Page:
Letters for Freedom

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Jacob Lawrence, Struggle … From the History of the American People, no. 5: We have no property! We have no wives! No children! We have no city! No country!– Petition of Many Slaves, 1773, 1955. Egg tempera on hardboard, 12 x 16 in. Private Collection of Harvey and Harvey-Ann Ross. © 2015 The Jacob and Gwendolyn Knight Lawrence Foundation, Seattle / Artists Rights Society (ARS), New York

Welcome, February; welcome, Black History Month! Alongside The Civil Rights Movement icons like Dr. Martin Luther King, Jr., Rosa Parks, and Malcolm X, I would like to honor a black artist who was a powerful voice for the African-American community, Jacob Lawrence. Currently on display in the museum is Lawrence’s Struggle series, a collection of panels narrating important and tumultuous scenes from American history. Though each panel is moving in its own way, my favorite from the series is number 5 (1955), captioned, “We have no property! We have no wives! No children! We have no city! No country! –Petition of many slaves, 1773.”

The way Lawrence was able to evoke such pain and heartache in this painting is astonishing. Noting the protruding ribs, tired eyes, and massive shackles of the slaves in the work, I feel as though the detail in the panel is what truly makes the narrative. The gold-colored mountain or wall in the center could be representative of the impenetrable American government that refused to listen to the slaves’ petitions for a better, free life. I am simply intrigued at how Lawrence composed this panel in a way that emphasizes hardship, but still an unwavering courage to continue fighting.

After a bit of research, I discovered this caption was a quote in a letter written from a slave named Felix Holbrook to the provincial legislature of Massachusetts. Felix was a neutralist during the Revolutionary War, meaning he did not support the Patriots or Loyalists, but he was an advocate for black liberty. He wrote the letter on behalf of his fellow slaves with the intention of finally gaining freedom. The letter was actually one of four in a series of petitions (1773-77) from a group of slaves in the Boston province.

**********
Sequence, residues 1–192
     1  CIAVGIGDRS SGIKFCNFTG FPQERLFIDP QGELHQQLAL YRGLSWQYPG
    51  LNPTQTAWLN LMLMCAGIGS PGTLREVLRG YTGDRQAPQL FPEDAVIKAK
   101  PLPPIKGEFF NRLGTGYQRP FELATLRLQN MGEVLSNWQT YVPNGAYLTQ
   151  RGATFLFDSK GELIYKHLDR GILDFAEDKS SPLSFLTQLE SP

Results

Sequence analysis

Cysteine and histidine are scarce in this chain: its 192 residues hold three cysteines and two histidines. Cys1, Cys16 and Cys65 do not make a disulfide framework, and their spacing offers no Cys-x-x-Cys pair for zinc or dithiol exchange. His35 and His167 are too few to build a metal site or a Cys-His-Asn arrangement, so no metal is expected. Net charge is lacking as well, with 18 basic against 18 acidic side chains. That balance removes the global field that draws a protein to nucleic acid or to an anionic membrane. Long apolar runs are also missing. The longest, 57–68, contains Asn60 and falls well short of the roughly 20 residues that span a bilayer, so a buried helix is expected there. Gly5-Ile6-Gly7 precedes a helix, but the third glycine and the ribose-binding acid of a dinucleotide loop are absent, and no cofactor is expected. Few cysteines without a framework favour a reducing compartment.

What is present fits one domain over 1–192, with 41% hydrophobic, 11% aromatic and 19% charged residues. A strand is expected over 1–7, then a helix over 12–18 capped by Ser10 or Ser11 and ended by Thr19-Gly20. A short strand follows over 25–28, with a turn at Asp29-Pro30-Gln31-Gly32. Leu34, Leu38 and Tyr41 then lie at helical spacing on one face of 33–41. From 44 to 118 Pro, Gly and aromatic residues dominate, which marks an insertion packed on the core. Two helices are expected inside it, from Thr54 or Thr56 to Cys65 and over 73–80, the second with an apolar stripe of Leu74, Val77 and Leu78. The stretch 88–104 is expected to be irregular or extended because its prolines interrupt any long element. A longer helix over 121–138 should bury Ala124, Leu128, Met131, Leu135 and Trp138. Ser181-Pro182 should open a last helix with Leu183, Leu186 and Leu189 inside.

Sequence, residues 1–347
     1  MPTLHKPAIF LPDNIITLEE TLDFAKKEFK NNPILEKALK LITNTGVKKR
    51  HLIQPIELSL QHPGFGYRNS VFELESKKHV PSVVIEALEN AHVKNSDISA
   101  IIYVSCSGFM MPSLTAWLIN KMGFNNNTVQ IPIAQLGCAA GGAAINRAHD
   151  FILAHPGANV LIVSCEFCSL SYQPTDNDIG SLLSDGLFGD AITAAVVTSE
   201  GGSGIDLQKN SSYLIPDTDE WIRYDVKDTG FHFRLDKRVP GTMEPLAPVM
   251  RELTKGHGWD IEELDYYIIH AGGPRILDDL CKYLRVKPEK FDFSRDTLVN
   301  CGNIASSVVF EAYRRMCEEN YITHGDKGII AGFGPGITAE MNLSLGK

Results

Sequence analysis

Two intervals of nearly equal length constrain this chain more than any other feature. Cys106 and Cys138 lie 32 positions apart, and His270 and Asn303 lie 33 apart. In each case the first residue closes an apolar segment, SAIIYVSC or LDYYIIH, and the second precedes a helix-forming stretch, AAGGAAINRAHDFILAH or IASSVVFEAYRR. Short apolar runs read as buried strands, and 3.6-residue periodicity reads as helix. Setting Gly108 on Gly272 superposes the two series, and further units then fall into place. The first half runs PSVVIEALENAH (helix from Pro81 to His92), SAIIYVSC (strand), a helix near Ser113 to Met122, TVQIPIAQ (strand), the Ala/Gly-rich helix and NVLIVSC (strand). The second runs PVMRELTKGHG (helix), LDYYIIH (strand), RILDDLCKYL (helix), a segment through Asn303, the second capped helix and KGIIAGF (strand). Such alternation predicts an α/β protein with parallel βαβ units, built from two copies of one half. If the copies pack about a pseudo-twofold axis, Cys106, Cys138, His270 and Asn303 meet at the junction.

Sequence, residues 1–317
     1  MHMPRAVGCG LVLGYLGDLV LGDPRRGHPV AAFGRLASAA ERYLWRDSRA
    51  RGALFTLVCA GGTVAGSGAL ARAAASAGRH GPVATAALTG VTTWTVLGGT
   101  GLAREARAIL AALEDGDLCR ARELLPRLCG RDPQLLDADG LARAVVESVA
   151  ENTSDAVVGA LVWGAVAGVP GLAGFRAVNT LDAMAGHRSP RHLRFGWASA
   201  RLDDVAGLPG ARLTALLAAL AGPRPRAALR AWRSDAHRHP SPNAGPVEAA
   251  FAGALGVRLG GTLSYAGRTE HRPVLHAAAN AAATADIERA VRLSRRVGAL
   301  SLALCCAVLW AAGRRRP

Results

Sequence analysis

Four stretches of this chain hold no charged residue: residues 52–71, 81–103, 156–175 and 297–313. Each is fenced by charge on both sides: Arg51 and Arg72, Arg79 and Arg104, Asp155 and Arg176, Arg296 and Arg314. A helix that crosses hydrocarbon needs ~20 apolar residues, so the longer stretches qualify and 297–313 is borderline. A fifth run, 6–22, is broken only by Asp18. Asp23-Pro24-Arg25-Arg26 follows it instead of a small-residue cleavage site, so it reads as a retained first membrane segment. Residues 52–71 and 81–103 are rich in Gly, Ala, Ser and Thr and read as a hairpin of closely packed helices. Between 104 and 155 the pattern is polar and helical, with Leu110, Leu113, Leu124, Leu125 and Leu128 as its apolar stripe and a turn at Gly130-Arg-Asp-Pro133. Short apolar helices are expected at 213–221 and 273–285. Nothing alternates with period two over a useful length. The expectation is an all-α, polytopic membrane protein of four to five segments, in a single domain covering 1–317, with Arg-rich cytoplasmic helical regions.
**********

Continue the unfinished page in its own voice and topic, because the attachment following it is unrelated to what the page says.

The artist was able to flawlessly capture the fed-up, but forever brave sentiment of Felix’s letter into this beautiful panel. For this great contribution to art history, Jacob Lawrence, I thank you.

Aysia Woods, Marketing Intern

What’s in a Title?

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Loren MacIver, The Window Shade, 1948, Oil on canvas 43 x 29 1/8 in. The Phillips Collection, Washington, DC, Acquired 1951

In art, we often think of abstraction and representation as being complete opposites. We think of Jackson Pollock’s drip paintings, titled with numbers, as being polar opposites to Paul Cézanne’s still lifes, labeled exactly what they are: apples, oranges, and flowers. But what if something is both abstract and representational? Is it possible? Currently on view is Loren MacIver’s painting, The Window Shade. At first glance, the work appears completely abstract, but upon closer inspection of both the painting and the wall text beside it, we learn that it does in fact represent something from real life: a window shade.

Walking past MacIver’s work, I recognized that I liked the aesthetic, but it didn’t necessarily evoke a specific emotion from me. Circling back, I decided to look at it more closely. When I approach a piece, I tend to ignore the wall text at first and look instead at the surface texture. I liked that the artist applied the grayish blue color very thinly, leaving specks of the canvas showing behind it. To me, that reveals more of the process, which is something I like to be aware of when studying a work of art. Scanning the painting, I then noticed a recognizable object in the bottom fourth of the canvas: a string hanging down with a hollow circular pendant attached. I wondered why this would be there given the abstract nature of the work. It was only then that I turned to the title, The Window Shade. Suddenly, the piece had so much more meaning for me. I began to think of the specks of untouched canvas as illumination from street lamps coming through the rips of a worn piece of fabric. The slightly different hue in the bottom quarter of the canvas, separated by a darker border, became the color of twilight filtered by the glass on top of it. These are conclusions I would not have come up with had I not stopped to read the wall text beside the piece and inspect it more closely.